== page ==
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The Pieces of Autism I Hid From the World

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Chameleon woman – I’ve been doing it since puberty. Logically the next evolution for a “parrot child” is a chameleon – right?

When many of us were younger, it was thought autism was only found in boys — a gender stereotype that is still hurting us today. Some of us are missed completely or misdiagnosed with other conditions. Some go to the grave without knowing they are Autistic.

A few of us are lucky and eventually figure it out. When we discover the truth, it is as if a light bulb has gone off. Growing up, we felt alien but did not know why. Most days I thought everyone around me was “crazy” – having no idea how different our perspectives were.

Society teaches you to be a lady, have manners and be polite. Flailing about is very unbecoming of a young girl. We learn to hold things in. We read books and create art. We collect pretty things in our rooms, locking away our feelings.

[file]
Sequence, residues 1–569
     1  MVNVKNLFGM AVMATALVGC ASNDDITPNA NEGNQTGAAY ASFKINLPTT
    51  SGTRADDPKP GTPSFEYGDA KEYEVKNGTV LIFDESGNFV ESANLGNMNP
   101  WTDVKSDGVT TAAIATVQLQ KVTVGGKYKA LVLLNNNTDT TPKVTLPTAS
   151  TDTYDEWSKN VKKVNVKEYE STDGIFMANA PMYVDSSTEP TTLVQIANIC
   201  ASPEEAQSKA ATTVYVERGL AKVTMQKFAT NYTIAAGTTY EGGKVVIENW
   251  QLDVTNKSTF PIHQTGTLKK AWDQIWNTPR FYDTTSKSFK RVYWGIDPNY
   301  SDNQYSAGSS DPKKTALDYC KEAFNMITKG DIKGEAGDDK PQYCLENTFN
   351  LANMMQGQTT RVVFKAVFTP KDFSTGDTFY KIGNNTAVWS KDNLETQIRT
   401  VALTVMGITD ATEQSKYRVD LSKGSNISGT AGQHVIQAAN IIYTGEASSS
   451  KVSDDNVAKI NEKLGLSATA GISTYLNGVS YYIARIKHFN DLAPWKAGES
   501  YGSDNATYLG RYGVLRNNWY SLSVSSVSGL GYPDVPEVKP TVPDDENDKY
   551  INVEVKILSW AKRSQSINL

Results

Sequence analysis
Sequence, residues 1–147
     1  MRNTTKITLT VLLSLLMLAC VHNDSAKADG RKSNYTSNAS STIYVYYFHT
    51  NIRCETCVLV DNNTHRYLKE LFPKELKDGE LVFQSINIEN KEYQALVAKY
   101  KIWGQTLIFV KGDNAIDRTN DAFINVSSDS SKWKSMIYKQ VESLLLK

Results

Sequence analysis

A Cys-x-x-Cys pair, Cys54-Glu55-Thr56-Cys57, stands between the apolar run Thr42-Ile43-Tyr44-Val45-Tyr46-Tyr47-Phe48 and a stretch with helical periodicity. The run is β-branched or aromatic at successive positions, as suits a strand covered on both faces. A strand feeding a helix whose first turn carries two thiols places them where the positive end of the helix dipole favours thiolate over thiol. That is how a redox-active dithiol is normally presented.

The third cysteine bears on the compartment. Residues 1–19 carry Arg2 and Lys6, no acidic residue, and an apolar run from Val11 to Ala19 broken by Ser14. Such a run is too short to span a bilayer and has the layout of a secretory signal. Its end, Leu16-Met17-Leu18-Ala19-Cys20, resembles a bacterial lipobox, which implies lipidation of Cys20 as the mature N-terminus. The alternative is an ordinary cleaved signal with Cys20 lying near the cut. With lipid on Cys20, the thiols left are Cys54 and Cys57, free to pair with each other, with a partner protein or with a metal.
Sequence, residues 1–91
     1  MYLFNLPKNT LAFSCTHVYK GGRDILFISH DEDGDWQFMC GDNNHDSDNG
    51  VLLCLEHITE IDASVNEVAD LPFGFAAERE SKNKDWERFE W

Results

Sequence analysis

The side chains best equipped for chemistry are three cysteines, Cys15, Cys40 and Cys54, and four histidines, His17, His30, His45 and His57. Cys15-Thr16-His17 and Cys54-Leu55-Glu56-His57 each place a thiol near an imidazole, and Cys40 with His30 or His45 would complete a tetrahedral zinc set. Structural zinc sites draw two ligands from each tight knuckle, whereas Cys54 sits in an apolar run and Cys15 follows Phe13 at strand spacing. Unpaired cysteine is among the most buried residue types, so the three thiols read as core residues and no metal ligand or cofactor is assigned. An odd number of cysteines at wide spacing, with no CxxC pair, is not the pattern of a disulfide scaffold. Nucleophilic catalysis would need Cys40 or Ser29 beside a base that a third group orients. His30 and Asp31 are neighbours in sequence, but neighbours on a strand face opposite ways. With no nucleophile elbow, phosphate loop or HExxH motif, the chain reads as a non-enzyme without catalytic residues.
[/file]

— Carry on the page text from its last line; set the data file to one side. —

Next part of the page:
Social pressure is huge on young women. Society expects you to be a certain way.

Over the years I’ve learned to fake it, but learning to play “normal” has taken years of practice, constant trial and error. It is still a character that tires me out and requires a lot of work.

Girls are pressured from a very young age, and perhaps “boys will be boys” could be one reason Autism is often more obvious in males than in females.

I was a tomboy, and I believe my autism was obvious until I hit puberty and became more aware of the ways I differed from my peers. At that point, I made a conscious decision to study my peers and fit in. It was a bit like a science experiment. The more I worked on this project, the less I felt like myself. But for the first time in my life, nobody was bullying me. I was happy to feel safe and kept up the act through high school.

After years of being fake, it was hard to even know who I was anymore. I felt ugly and dirty. It’s hard to explain, but just thinking about how fake I was (years ago) makes my face pucker. I don’t like that person and I pity her.

I’ve recovered from that, but diagnosis was a major part of my recovery. It explained so much. There were always little things I’d never listed, but if I did they would all say – autism. All the pieces of me that I hid from the world, the strange things – autism.

Chameleon woman. Invisible Autism. Anonymously Autistic. Nobody sees me struggling.

#SheCantBeAutistic #InvisibleAutism #ActuallyAutistic #AnonymouslyAutistic #AutisticWomen

Follow this journey on Anonymously Autistic.

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Originally published: February 15, 2017
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